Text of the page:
The Apache HTTP Web Server (commonly simply referred to as ‘Apache’) is the most widely deployed web server in the world, and until last week, it was at risk from a security vulnerability known as Optionsbleed.

    • Browsers Will Store Credit Card Details Similar to How They Save Passwords

      A new W3C standard is slowly creeping into current browser implementations, a standard that will simplify the way people make payments online.

      Called the Payment Request API, this new standard relies on users entering and storing payment card details inside browsers, just like they currently do with passwords.

    • Equifax will give your salary history to anyone with your SSN and date of birth
    • Forrester Research Discloses Limited Website Data Breach

      At 6:17 ET PM on Oct.6, Forrester Research publicly admitted that it was the victim of a cyber-attack. According to the firm, the attack had limited impact, with no evidence that confidential client data had been stolen.

      According to Forrester Research’s preliminary investigation, attackers were able to gain access to Forrester.com content that was intended to be limited exclusively to clients.

      “We recognize that hackers will attack attractive targets—in this case, our research IP,” George F. Colony, chairman and chief executive officer of Forrester, stated.

      “We also understand there is a tradeoff between making it easy for our clients to access our research and security measures,” Colony added. “We feel that we have taken a common-sense approach to those two priorities; however, we will continuously look at that balance to respond to changing cyber-security risk.”

    • Akamai Reports Fast Flux Botnets Remain a Security Risk

      Attackers are continuing to benefit from the use many different technique to remain hidden. New research released Oct.10 by Akamai reveals that a botnet with over 14,000 IP addresses has been using the fast flux DNS technique to evade detection, while still causing damage to users and organizations.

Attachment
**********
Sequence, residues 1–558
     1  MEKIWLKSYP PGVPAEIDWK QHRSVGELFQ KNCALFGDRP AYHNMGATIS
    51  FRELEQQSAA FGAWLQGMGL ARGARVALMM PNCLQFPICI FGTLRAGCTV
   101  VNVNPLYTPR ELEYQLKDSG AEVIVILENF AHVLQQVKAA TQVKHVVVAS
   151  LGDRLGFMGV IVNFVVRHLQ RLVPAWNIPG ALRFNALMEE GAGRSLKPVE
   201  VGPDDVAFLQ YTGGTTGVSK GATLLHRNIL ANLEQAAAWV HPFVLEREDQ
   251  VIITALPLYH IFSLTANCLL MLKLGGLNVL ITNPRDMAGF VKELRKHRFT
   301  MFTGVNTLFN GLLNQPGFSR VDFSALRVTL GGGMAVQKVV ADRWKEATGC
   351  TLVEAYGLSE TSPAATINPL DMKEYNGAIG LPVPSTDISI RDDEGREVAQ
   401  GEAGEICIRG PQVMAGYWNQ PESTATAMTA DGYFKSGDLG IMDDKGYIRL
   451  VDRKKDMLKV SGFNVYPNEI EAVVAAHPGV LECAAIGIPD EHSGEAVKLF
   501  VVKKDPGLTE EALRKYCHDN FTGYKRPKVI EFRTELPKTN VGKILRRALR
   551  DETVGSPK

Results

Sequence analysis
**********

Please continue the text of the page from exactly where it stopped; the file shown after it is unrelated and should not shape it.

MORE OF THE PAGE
Fast Flux is an attacker technique that uses the Domain Name System (DNS) to hide the source of an attack. DNS operates by referring a domain name to a specific IP address

    • Disqus reveals data breach, but wins points for transparency

      Disqus has publicly announced that its user database leaked in 2012, exposing the usernames, email addresses, sign-up dates, and last login dates of more than 17 million users.

      In addition, the data included crackable SHA1-hashed passwords of “about one-third” of users. Presumably many accounts registered with the popular blog-commenting service do not have associated passwords due to many users signing-in using third-party social media accounts such as Google or Facebook.

      Quite how the security breach occurred is currently a mystery, and – frankly – despite their good intentions, Disqus may find it difficult to pinpoint exactly what happened five years after the event.

    • WhatsApp Exploit Can Allow Hackers To Monitor Your Sleep And Other Things
    • Multi-Layered Defenses Needed to Improve Cyber-Security, FBI Says
    • Hacking is inevitable, so it’s time to assume our data will be stolen

      If recent hacking attacks such as the one at Equifax, which compromised personal data for about half of all Americans, have taught us anything, it’s that data breaches are a part of life. It’s time to plan for what happens after our data is stolen, according to Rahul Telang, professor of information systems at Carnegie Mellon University.

      Companies are prone to understating the scale of hacks, which suggests that there needs to be better standards for disclosing breaches. Yahoo recently confessed that its data breach actually impacted 3 billion user accounts, three times what it disclosed in December. Equifax also boosted the number of people it says were affected by its hack.

    • 7 Security Risks User and Entity Behavior Analytics Helps Detect
    • UpGuard Reports Accenture Data Exposure, Debuts Risk Detection Service

      Security vendor UpGuard announced on Oct.10 that it discovered that global consulting firm Accenture had left at least four cloud-based storage servers publicly available. UpGuard alleges that the exposed cloud servers could have left Accenture customers to risk, though Accenture is publicly downplaying the impact of the cloud data exposure.

      “There was no risk to any of our clients – no active credentials, PII and other sensitive information was compromised,” Accenture noted in a statement sent to eWEEK. “The information involved could not have provided access to client systems and was not production data or applications.”